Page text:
He made his film debut as one of the American South rail track workers enduring discrimination in Nothing But a Man (1964), then acted a bank robber in The Thomas Crown Affair (1968) and a bartender, alongside Dean Martin and Robert Mitchum, in the western 5 Card Stud (1968).

More high-profile film parts came after Kotto made an impact on the Broadway stage when he took over from James Earl Jones as Jack Jefferson – based on Jack Johnson, the first African American world heavyweight boxing champion – in The Great White Hope (Alvin Theatre, 1969), a Tony Award-winning drama about interracial love.

On screen, he and Anthony Quinn played chalk-and-cheese detectives spurred into action in Across 110th Street (1972) when small-time crooks steal money from the mafia.

Then came roles as a con artist in The Monkey Hustle (1976); one of the car factory workers stealing from corrupt union officials in Blue Collar (1978); an inmate opposite Robert Redford in Brubaker (1980); a resistance fighter alongside Arnold Schwarzenegger in The Running Man (1987); and an FBI agent in Midnight Run (1988).

His performance as Ugandan dictator Idi Amin in the 1977 TV movie Raid on Entebbe was nominated for an Emmy Award.

In 1990, Kotto was seen in August Wilson’s play Fences on Britain’s West End stage (Garrick Theatre) and a national tour as Troy Maxson, a father at war with his family, a role originally taken on Broadway by Earl Jones.

One critic remarked on Kotto “transporting the audience on waves of humour and horror, parody and pathos”.

In 2001, three years after his marriage to Tessie Sinahon, he founded the Running Man Institute in the Philippines as a retreat for those in show business. By the end of the decade, he had retired from acting.

Kotto’s first two marriages, to Rita Dittman (1962-75) and Toni Pettyjohn (1975-89), ended in divorce. He had three children, Natascha, Fred and Robert, from the first and another three, Sarada, Mirabai and Salina, from the second.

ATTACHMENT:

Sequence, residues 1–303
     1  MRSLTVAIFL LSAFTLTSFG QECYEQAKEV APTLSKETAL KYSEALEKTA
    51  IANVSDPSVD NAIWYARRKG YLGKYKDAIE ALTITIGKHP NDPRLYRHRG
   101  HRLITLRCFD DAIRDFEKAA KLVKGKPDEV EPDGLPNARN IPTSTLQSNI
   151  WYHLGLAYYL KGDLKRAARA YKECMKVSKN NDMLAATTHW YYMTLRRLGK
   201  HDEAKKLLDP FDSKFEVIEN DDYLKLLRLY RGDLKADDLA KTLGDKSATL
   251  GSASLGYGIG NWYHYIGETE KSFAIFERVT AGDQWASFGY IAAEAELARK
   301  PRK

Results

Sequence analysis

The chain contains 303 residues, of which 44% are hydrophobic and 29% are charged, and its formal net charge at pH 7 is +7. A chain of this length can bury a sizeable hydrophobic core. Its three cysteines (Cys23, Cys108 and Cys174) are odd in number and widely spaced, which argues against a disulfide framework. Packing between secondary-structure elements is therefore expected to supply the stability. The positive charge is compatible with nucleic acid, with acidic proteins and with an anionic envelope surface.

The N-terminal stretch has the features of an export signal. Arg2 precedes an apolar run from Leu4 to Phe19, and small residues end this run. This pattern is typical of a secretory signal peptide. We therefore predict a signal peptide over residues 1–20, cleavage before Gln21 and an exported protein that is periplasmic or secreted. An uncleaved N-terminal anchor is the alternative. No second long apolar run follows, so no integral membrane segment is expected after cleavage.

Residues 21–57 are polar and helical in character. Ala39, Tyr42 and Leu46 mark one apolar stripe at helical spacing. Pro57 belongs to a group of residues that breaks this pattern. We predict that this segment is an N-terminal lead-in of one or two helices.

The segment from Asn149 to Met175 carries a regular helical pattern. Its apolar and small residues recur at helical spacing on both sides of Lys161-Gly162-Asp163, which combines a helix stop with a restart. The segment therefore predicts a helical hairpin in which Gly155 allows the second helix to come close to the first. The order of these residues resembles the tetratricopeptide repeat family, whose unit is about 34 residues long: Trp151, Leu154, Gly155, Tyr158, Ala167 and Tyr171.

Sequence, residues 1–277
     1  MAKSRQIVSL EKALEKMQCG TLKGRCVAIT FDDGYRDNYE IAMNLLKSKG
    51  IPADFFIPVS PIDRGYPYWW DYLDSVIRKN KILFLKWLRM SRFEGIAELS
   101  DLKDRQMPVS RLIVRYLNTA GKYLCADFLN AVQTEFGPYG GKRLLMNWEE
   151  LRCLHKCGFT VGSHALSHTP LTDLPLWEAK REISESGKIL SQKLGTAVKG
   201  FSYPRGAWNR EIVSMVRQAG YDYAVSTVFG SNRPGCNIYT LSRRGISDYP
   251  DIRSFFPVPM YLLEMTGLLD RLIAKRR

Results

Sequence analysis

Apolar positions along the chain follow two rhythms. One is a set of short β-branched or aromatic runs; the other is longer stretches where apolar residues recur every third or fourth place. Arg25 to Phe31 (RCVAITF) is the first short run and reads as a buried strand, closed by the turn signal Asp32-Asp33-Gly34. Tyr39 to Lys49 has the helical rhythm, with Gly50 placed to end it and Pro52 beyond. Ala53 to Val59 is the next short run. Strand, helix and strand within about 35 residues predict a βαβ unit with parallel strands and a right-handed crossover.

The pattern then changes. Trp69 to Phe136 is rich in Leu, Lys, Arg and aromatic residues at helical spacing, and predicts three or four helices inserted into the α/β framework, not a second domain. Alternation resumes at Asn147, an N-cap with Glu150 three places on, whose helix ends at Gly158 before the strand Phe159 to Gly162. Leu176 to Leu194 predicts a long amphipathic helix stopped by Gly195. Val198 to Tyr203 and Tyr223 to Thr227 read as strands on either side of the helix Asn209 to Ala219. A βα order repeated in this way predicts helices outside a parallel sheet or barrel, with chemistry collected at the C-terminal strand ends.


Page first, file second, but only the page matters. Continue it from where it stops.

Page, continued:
He is survived by his children and third wife.

Yaphet Kotto, actor, born 15 November 1939, died 14 March 2021

Register for free to continue reading

Registration is a free and easy way to support our truly independent journalism

By registering, you will also enjoy limited access to Premium articles, exclusive newsletters, commenting, and virtual events with our leading journalists

Please enter a valid email
Please enter a valid email
Must be at least 6 characters, include an upper and lower case character and a number
Must be at least 6 characters, include an upper and lower case character and a number
Must be at least 6 characters, include an upper and lower case character and a number
Please enter your first name
Special characters aren’t allowed
Please enter a name between 1 and 40 characters
Please enter your last name
Special characters aren’t allowed
Please enter a name between 1 and 40 characters
You must be over 18 years old to register
You must be over 18 years old to register
Opt-out-policy
You can opt-out at any time by signing in to your account to manage your preferences. Each email has a link to unsubscribe.

By clicking ‘Create my account’ you confirm that your data has been entered correctly and you have read and agree to our Terms of use, Cookie policy and Privacy notice.

This site is protected by reCAPTCHA and the Google Privacy policy and Terms of service apply.

Already have an account? sign in

By clicking ‘Register’ you confirm that your data has been entered correctly and you have read and agree to our Terms of use, Cookie policy and Privacy notice.

This site is protected by reCAPTCHA and the Google Privacy policy and Terms of service apply.

Register for free to continue reading

Registration is a free and easy way to support our truly independent journalism

By registering, you will also enjoy limited access to Premium articles, exclusive newsletters, commenting, and virtual events with our leading journalists

Already have an account? sign in

By clicking ‘Register’ you confirm that your data has been entered correctly and you have read and agree to our Terms of use, Cookie policy and Privacy notice.

This site is protected by reCAPTCHA and the Google Privacy policy and Terms of service apply.

Thank you for registering

Please refresh the page or navigate to another page on the site to be automatically logged inPlease refresh your browser to be logged in